When a spaceship lands on the moon, it is hailed as a new accomplishment, before it becomes clear that a Victorian party completed the journey in 1899, leading investigators to that mission's last survivor.
Cowboy James Franciscus seeks fame and fortune by capturing a Tyrannosaurus Rex living in the Forbidden Valley and putting it in a Mexican circus. His victim, called the Gwangi, turns out ... See full summary »
In 1969 the Apollo moon landing is to be televised internationally but at a country fair in England a small boy named Jim meets the 90-year-old Julius Bedford who tells him that,in 1909,as ... See full summary »
Based on the HG Wells story. The world is delighted when a space craft containing a crew made up of the world's astronauts lands on the moon, they think for the first time. But the delight turns to shock when the astronauts discover an old British flag and a document declaring that the moon is taken for Queen Victoria proving that the astronauts were not the first men on the moon. On Earth, an investigation team finds the last of the Victorian crew - a now aged Arnold Bedford and he tells them the story of how he and his girlfriend, Katherine Callender, meet up with an inventor, Joseph Cavor, in 1899. Cavor has invented Cavorite, a paste that will allow anything to deflect gravity and he created a sphere that will actually take them to the moon. Taking Arnold and accidentally taking Katherine they fly to the moon where, to their total amazement, they discover a bee-like insect population who take an unhealthy interest in their Earthly visitors... Written by
Lee Horton <Leeh@tcp.co.uk>
In the book, the large monster which the Selenites hunt is called a Mooncalf. This is an old English term for idiot, since it was believed that being out under a full moon could cause madness (think also "lunatic"), but is also a clever pun on H.G. Wells' part, as the Selenites also hunt this beast like cattle, the young of which is called a calf. See more »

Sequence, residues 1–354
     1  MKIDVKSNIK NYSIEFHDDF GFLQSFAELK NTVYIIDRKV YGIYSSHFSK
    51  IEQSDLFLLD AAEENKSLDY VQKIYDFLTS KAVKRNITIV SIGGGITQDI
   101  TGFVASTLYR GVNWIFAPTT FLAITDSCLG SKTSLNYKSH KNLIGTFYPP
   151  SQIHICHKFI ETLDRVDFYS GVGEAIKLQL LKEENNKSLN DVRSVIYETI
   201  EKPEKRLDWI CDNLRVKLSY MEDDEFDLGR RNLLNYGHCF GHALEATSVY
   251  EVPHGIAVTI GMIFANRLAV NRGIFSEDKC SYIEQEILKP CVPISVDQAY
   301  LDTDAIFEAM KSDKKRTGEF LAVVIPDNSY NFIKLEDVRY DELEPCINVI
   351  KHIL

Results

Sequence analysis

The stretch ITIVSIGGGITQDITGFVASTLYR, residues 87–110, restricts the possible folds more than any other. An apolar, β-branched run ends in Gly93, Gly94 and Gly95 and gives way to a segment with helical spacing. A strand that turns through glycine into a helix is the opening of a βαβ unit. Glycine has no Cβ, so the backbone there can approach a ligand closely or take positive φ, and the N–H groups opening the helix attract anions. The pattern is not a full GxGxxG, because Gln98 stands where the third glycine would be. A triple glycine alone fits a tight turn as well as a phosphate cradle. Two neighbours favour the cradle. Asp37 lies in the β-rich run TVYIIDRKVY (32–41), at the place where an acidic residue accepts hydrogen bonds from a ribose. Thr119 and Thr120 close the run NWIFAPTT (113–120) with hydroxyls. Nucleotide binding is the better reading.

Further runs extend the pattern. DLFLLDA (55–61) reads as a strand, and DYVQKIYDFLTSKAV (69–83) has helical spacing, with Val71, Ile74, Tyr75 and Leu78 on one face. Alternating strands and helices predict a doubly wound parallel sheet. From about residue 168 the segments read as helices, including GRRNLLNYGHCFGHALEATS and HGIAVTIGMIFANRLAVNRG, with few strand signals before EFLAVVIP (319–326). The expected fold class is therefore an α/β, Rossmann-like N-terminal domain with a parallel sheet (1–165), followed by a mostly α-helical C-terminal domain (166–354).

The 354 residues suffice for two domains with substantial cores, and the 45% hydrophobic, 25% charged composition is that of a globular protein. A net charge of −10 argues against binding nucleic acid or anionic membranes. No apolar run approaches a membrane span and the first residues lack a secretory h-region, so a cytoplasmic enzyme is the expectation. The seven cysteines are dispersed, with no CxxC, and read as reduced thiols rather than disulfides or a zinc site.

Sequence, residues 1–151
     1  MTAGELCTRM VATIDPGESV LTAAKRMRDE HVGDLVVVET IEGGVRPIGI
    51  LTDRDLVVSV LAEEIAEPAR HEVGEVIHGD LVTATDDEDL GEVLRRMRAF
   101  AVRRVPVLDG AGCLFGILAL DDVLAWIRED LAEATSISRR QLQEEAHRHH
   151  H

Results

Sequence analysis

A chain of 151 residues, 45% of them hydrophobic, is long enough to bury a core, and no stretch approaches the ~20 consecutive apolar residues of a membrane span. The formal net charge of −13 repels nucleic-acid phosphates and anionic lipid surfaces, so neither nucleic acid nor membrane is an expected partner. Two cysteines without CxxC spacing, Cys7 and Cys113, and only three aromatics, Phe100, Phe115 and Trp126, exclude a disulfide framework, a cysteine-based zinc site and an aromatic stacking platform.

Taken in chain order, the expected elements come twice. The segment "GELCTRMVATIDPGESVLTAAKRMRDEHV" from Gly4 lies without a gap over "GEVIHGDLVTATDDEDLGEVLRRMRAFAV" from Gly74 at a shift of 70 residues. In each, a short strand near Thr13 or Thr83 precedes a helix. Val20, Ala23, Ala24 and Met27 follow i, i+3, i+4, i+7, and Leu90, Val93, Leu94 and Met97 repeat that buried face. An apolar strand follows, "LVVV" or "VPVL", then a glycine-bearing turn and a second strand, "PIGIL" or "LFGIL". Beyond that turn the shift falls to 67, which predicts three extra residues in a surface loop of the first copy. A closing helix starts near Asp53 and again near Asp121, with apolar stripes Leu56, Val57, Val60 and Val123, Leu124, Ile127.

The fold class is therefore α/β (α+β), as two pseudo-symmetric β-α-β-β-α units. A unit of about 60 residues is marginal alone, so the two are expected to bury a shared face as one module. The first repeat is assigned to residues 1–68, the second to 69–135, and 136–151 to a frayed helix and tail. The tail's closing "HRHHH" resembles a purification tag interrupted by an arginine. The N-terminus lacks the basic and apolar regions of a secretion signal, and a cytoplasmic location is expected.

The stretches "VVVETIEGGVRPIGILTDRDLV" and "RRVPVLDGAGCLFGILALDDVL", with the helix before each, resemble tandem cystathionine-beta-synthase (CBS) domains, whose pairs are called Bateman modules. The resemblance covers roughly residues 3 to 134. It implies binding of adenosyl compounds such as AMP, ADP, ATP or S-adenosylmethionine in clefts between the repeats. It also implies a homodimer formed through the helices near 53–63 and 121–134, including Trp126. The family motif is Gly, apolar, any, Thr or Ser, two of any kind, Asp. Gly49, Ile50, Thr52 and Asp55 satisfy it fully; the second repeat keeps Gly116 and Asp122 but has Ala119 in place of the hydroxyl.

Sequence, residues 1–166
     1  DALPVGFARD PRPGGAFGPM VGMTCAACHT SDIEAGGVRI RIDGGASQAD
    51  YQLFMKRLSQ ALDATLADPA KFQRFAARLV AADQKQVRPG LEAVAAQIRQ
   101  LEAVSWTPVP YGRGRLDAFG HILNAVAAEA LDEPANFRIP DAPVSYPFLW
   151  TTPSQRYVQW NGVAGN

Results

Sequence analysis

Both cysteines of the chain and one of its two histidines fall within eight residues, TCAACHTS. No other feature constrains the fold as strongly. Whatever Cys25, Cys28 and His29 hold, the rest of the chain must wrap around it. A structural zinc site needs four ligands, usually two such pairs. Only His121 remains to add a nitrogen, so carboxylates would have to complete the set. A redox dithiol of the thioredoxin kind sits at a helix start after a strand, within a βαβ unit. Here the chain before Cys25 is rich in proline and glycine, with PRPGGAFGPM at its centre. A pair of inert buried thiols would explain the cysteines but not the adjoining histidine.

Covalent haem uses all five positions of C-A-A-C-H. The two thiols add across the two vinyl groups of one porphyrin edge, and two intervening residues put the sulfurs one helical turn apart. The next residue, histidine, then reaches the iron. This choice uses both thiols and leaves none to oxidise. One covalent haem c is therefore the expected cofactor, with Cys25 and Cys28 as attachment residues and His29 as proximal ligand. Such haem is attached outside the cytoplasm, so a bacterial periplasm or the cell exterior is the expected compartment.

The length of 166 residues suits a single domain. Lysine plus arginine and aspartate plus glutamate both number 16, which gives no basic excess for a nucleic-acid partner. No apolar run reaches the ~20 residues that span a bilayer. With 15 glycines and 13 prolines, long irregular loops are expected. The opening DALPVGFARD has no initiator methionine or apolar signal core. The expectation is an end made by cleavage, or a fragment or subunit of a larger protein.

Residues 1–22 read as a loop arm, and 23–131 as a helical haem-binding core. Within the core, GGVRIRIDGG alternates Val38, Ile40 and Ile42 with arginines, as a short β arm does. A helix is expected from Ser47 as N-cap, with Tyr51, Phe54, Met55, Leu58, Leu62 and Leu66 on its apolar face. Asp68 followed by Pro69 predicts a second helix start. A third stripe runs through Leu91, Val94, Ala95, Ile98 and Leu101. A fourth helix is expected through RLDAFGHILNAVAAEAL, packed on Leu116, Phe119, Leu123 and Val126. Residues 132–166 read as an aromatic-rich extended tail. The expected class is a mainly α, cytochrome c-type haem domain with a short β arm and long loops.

When Bedford releases Kate from her glass prison by smashing the glass with his rifle, the crystal pillar to the left wobbles slightly. As Kate exists the chamber, her dress hem catches briefly on a lower crystal structure revealing it to be just a two dimensional facade that flaps briefly as she passes. See more »
[Kate thinks a gun is a good thing to have along]
Madam, the chances of bagging an elephant on the Moon are remote.
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This is movie number ten for the great Ray Harryhausen, who provides his usual stunning animation, although the plot is a bit cynical for some taste, lacking the cheerful charm of such movies as "Journey to the Center of the Earth". In this one we get animated Selenites, giant caterpillar-like "Moon Cows", and a big-brained Grand Lunar on his regal throne. The special effects in the scenes of Professor Cavor's spherical spaceship en route to the Moon are beautiful.
The opening scene is clever: the "first" astronauts to land on the moon (an international group) is stunned by the discovery of a tiny British flag on the lunar surface. A message attached to the flag identifies the real first Moon landers, and the authorities on Earth get in touch with one of them, an aging Edward Judd, who tells the strange tale of his turn-of-the century expedition with Professor Cavor (Jeffries) and Judd's fiance' (Hyer).
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